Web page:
The idea of balance – based on two key Hindu principles of doing no harm and on service to the world around us – will release us from poverty, Shaunaka concluded. Understanding that the root cause of anger, lust for wealth and power, and unless we start to deal with those, we’ll not have much of an effect.

Panel members

  • Venerable Amaro Bhikku, Abbot at Amaravati Buddhist Monastery

  • Nana Francois, Director of Membership, FaithInvest

  • Martin Palmer, FaithInvest Founding President and Interim CEO

  • Hayu Prabowo, Chairman of Environment and Natural Resources at Ulema Council of Indonesia

  • Shaunaka Rishi Das, Director at Oxford Centre for Hindu Studies

‘Everything runs on trust. If people trust you, they know you’re true to your word and they’ll go to you’ 

 Ven. Amaro Bhikku

Transactional structures in Islamic finance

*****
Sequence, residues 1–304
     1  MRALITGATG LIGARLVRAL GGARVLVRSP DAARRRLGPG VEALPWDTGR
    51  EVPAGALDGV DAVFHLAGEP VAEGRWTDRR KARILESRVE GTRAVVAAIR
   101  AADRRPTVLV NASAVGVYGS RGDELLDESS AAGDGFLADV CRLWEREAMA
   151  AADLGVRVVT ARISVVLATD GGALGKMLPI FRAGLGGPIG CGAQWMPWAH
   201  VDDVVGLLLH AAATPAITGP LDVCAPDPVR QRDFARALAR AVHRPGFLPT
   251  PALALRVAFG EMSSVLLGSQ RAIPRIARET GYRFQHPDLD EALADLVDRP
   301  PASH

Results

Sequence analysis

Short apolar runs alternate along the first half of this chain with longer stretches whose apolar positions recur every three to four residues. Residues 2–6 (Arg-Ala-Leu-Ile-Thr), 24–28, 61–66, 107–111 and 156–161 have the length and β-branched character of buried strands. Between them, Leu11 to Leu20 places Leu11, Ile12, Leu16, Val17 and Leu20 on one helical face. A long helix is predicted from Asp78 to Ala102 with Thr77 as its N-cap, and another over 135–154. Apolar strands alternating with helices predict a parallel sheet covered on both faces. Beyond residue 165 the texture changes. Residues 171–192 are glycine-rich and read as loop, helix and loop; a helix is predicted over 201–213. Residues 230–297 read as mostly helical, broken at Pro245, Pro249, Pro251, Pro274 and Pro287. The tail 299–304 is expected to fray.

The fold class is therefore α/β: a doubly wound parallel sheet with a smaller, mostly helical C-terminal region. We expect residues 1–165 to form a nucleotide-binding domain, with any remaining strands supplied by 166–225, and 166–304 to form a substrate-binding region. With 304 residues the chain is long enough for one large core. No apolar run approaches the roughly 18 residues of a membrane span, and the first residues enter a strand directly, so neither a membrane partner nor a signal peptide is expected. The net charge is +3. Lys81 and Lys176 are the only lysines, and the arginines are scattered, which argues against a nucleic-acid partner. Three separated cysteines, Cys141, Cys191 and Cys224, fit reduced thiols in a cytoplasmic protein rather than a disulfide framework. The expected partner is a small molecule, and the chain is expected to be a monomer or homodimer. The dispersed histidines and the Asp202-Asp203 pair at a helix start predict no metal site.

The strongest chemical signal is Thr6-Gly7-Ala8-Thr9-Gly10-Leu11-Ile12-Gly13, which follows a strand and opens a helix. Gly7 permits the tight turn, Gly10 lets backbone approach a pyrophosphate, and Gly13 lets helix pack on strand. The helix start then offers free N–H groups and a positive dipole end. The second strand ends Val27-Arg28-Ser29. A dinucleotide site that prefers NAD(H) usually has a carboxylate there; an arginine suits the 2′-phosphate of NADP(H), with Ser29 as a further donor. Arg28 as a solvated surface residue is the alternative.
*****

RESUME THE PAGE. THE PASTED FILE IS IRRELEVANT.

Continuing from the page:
Hayu Prabowo, Chairman of Environment and Natural Resources at Ulema Council of Indonesia, gave us an introduction to transactional structures in Islamic finance. He spoke about purchasing and selling assets using a deferred payment basis, known as a murabaha contract.


He also talked us through investor-entrepreneurship relationships, known as mushkarakah and mudarabah contracts, and spoke about financing of services or work, such as buying a house; a similar arrangement to hire-purchase financing.


We ran three Working Groups on each day, which were not recorded so that people could speak freely. Afterwards the leaders of each session reported back with an overview of the discussion and three key learnings as well as next steps.​

Day One working groups

  1. Time, Resource and scale efficient solutions for investors. Led by Nana Francois, FaithInvest, and Susan Makos, FaithInvest Board Member

  2. Faith-consistent Investing – Converting various religious plans into actual portfolios. Led by FaithInvest's Mathew Jensen, and Dr Lorna Gold

  3. Launching a commingled fund for a faith-based audience. Led by Michael Even, FaithInvest's Director of Strategy and Investment Research, and Shaunaka Rishi Das, Director of the Oxford Centre for Hindu Studies